by John Schimmel

December 6, 2005 related project - Ramps by Wlodek Koss, Tristan Perich, John Schimmel

A rotary encoder is used to measure rotation and provide a digital output. It looks just like a potentiometer but can spin freely in both directions. There are a few different types of encoders, some mechancial, some optical but all produce there output with a similar rotating pattern - this pattern is what gives encoders a bad name. The pattern involved gives the encoder a resolution, the Grayhill model above gives 128 steps per rotation. You can get encoders at places like jameco and digikey, I used the Grayhill Series 61R 5-Pin from Digikey, it was about $40.

The Pins

The 61R has 5 Pins, another version the 61K has 4 pins they both operate the same way.

  • 2 pins for digital output
  • 1 pin for +5 volts
  • 1 pin for common ground

How it works

This sensor report is not finished but great information is on Wikipedia

This image shows an encoder with 3 contact points (rings)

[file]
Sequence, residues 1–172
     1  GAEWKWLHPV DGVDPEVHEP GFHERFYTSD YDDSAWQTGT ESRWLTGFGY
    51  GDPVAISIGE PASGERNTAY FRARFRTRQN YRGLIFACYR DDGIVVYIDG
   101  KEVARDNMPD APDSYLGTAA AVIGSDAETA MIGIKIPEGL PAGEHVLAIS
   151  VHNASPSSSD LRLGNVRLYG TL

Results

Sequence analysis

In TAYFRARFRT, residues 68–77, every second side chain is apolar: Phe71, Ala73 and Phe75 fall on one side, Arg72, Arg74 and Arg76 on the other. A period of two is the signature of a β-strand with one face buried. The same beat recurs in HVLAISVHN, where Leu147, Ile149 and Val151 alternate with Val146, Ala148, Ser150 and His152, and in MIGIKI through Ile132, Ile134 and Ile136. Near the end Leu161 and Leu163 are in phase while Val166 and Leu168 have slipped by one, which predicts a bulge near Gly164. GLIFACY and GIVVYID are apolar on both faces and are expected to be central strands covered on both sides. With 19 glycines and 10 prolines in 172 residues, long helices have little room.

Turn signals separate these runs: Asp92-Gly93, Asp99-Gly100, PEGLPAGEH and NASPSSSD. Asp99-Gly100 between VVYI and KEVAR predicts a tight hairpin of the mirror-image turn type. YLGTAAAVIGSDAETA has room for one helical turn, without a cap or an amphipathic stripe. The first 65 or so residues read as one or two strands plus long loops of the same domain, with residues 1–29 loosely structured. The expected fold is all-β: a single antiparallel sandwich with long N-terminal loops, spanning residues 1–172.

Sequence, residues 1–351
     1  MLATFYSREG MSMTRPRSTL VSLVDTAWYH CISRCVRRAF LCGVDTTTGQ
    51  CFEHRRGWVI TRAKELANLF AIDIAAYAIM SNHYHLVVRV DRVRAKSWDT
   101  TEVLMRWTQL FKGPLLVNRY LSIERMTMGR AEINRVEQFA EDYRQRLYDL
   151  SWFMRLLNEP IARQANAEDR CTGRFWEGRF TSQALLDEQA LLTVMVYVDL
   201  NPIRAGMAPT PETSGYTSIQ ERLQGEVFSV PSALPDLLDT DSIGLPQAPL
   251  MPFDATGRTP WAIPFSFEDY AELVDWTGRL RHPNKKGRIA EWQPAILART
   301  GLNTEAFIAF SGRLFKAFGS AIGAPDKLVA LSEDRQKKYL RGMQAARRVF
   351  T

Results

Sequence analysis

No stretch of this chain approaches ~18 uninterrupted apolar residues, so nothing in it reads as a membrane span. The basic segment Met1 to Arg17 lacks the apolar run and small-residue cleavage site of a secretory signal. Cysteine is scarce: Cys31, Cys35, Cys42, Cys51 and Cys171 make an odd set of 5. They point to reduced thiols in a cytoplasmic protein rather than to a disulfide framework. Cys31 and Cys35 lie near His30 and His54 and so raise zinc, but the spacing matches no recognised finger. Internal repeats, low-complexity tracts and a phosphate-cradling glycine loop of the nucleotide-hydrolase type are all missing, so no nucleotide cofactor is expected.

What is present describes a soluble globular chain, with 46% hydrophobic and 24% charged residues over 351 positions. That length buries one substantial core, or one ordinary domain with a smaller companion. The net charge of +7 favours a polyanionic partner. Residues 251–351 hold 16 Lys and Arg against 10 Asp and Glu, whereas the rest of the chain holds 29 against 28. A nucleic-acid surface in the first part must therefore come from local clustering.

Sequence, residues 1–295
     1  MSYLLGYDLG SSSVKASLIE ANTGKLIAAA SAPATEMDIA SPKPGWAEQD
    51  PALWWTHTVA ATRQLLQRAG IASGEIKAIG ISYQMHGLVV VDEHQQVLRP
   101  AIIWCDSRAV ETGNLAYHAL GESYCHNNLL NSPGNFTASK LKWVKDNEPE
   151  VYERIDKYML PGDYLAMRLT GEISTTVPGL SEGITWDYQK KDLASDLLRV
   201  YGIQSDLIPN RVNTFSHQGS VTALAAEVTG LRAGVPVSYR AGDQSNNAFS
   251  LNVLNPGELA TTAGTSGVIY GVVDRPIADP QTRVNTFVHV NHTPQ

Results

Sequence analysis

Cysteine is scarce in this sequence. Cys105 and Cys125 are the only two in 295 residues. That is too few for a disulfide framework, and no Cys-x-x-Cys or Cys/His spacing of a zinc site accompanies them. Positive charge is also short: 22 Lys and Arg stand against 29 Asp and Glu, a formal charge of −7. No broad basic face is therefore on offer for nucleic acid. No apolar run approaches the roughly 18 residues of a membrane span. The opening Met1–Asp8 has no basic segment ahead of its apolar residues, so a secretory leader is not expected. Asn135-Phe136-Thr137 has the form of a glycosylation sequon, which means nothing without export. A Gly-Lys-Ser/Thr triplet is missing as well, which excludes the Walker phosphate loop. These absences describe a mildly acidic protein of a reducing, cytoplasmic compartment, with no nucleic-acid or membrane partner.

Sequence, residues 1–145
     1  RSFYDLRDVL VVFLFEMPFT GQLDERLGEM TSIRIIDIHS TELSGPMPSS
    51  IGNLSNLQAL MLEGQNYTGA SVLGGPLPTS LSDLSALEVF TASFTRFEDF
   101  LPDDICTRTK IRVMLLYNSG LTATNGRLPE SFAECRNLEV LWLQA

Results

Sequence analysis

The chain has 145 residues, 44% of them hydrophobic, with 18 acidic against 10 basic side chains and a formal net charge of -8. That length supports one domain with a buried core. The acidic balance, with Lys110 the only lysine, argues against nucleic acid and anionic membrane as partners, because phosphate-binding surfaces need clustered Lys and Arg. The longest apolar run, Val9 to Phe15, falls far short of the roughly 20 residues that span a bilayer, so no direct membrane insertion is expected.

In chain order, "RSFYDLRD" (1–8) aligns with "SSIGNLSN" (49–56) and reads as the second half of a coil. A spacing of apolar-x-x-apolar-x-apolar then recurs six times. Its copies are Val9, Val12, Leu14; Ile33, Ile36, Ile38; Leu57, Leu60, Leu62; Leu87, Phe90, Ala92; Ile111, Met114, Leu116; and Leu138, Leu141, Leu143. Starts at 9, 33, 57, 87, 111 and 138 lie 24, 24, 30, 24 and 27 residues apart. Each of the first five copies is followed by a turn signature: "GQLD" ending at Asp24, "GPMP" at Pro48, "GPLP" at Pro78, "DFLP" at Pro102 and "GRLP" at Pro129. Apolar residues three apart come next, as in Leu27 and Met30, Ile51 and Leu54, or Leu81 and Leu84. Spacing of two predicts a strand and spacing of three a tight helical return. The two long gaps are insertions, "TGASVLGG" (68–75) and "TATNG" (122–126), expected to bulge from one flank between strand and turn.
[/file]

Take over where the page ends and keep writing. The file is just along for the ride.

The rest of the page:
There are two contact points on the Grayhill encoder, 2^2 = 4 positions for the encoder to be in

  • 01
  • 00
  • 10
  • 11

Attached to the shaft of an encoder is a patterned disc. A mechancial encoder would look for a variation in several contact points as the shaft was turned, in smaller more "relative" encoders the spinning disc is a group of transparent radial lines like a bike wheel on a dark disc. As light shines through the radials a photodiode on the other side can detect angular movements.

The problem with encoders is that some contacts get to the next step before the other contacts on the ring. The problem is smoothed out with Gray code. Gray codeis a binary numeral system where two successive values differ in only one digit.

The code

Sample Code

This code is from http://www.picbasic.co.uk/forum/showthread.php?t=778 The code is avoid the alignment problem by cutting the resolution in half. In our project, it was unnoticeable.